In 1999, California’s state leaders passed the Public Schools Accountability Act, creating the state’s accountability system, and led the nation in setting rigorous content standards for what all students must learn.
And in 2001, the reauthorization of the federal Elementary and Secondary Education Act known as No Child Left Behind (NCLB), pushed California and the nation even further. A key purpose of NCLB is to close the achievement gaps between low-income students and students of color and their peers.
As a result, California’s schools currently answer to two accountability systems. However, even with multiple measures intent on holding schools accountable for preparing students for success in college and career, far too many schools across the state fail to execute this charge.
- The state accountability system, the Academic Performance Index (API), asks schools to make annual academic growth targets, until they reach a statewide goal. The API holds schools accountable for student achievement on the California Standardized Tests (CST) in math, English, science, and social science, in conjunction with results from the California High School Exit Exam (CAHSEE). These scores are used to determine the Annual Performance Index (API) of each school and to rank and compare the performance of schools across the state. Schools are expected to make significant growth in performance on their API scores across all subgroups each year.
- The federal accountability system, Adequate Yearly Progress (AYP), requires schools to meet annual benchmarks toward an ultimate goal of 100% of students scoring proficient or above in English and math by 2014. In addition, to make AYP, schools must test 95% of students, have an API of at least 650 or increase it by one point, and high schools are required to graduate at least 83.1% of students, or show improvement under specific formulas.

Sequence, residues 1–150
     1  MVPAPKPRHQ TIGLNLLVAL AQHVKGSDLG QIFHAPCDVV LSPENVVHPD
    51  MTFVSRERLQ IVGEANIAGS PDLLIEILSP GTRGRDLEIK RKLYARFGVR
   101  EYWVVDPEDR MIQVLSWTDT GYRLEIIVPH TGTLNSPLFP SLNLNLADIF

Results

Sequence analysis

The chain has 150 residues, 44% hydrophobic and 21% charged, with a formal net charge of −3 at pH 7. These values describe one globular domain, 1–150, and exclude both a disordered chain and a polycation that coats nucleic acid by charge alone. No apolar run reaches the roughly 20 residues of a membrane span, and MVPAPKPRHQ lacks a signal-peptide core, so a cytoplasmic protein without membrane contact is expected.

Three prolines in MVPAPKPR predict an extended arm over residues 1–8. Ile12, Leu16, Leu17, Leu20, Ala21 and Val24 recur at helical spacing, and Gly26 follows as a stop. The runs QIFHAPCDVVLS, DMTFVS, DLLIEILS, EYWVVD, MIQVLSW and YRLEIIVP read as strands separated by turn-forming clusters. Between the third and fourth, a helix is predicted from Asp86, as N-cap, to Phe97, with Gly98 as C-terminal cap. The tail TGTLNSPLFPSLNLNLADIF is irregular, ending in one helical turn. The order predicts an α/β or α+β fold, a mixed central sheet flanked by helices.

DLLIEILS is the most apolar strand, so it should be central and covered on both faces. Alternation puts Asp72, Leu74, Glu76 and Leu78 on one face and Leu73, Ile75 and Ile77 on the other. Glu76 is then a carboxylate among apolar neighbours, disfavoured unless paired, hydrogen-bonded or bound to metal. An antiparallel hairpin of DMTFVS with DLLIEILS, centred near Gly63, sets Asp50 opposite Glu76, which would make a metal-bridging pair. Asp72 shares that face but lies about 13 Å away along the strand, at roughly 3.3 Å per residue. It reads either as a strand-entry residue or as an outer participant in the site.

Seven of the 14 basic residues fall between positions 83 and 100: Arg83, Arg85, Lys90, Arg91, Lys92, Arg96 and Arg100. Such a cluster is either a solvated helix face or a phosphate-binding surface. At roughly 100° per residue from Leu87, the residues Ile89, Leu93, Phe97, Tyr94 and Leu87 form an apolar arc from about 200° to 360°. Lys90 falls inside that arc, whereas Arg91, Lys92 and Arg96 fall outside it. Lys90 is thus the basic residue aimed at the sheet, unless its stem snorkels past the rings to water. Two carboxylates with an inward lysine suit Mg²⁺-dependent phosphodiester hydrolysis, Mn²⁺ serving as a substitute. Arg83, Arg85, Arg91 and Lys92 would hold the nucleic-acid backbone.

Polices providing guidance to schools must be rigorous, laden with high expectations, and resources necessary for academic success must be provided if we are truly to ratchet up education for our most vulnerable students and forever close the achievement gaps that plague our state.
To read the Education Trust-West’s published work on Accountability, please see below.
Ed Trust–West Releases Third Annual Report Cards Grading the 148 Largest Unified Districts on Outcomes for Latino, African-American, and Low-income Students
OAKLAND, CA (April 3, 2013) – Today, The Education Trust–West (ETW) releases its third annual District Report Cards (http://reportcards.edtrustwest.org/), grading and ranking California’s largest unified districts on outcomes for Latino, African-American, and low-income students. Once again, this year’s report cards reveal higher poverty districts that are consistently achieving strong academic results, and graduating high numbers of college-eligible Latino, African-American, and low-income students.
“Just as students receive report cards that measure their performance and progress in school, ETW develops annual report cards that grade California school districts on how well they are educating their Latino, African-American, and low-income students,” said Lindsey Stuart, Data and Policy Analyst at The Education Trust–West.